Life is numb. I am numb. It is easier. At my sister’s wedding I gave a toast, unprepared, and I didn’t let myself reach below surface words and thoughts. I said, “you’re so good for each other” and “I am so happy.” Underneath the surface it is too dark and emotional. So, I’ve found a way to stay above the surface and let everything roll off my head onto the floor. I am not condoning this as the best way to function but for me it is my only strategy at this moment. In our culture, death happens and then there is an allotted period of time to mourn and grieve. Typically it is about a year before you are supposed to function perfectly again. I am telling you that this is false. There are no stages and there is no time frame: grief is grief for as long as you live. I actually think that we should have grieving days just like sick days or vacation days. These would be the days that you get of bed and feel like turning around and getting right back in. These are the days that I think about kissing my Mom goodnight and our last real conversation. We both cried. I said, “Mom I don’t want to say goodnight because I am scared of what will happen tomorrow.” She cried back and said, “I will always be there. Every time you feel the wind blow through your hair that is me saying hello.”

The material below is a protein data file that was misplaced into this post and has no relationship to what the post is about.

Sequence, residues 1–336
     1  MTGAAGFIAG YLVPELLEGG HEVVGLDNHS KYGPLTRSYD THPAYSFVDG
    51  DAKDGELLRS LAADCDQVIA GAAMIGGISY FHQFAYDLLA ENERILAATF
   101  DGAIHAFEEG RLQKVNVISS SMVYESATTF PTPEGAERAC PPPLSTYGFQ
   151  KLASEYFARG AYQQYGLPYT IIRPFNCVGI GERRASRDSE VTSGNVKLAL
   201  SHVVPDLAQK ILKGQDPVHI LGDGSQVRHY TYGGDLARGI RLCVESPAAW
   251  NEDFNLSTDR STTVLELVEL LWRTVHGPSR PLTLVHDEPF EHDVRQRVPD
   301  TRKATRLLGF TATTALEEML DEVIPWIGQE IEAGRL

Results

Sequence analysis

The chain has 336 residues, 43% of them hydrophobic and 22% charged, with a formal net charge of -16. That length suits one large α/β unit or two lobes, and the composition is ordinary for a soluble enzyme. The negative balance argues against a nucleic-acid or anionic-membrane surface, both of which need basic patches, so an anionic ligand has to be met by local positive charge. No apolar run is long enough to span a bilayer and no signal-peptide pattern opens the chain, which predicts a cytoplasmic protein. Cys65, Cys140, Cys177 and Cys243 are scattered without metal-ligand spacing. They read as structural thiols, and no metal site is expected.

The only anchor is this: The God of angel-armies is always on our side. He knows why and He urges us to wake up and show up to the battle that is life. Isn’t it strange? There are sweet moments and, for the lack of a better word, spicy moments. We need both to crack the beauty open in this world. Instead of being numb today I am going to try to feel.
I mean, as toddler teacher, there is so much to laugh about in a day. Earlier this week, I turned around after a five second cleaning spurt and noticed a two-year-old spreading poop across his shirt and onto the floor. It was every where. I couldn’t help but gasp and think “I knew this day would come.” There have been close calls and diapers checks gone wrong but nothing like this. I kept thinking about our book, “Duck Goes Potty” and there is a page where duck poops on the floor by accident. I have lived this moment. “The third time, duck misses. Quack.” Since my metaphor has fallen apart let’s toast to fall with our pumpkin spice beverages and open our hearts to all that is life. Let us approach each day like a toddler who is potty training: full of awe, will, and a lot of room for accidents, grace, and laughter.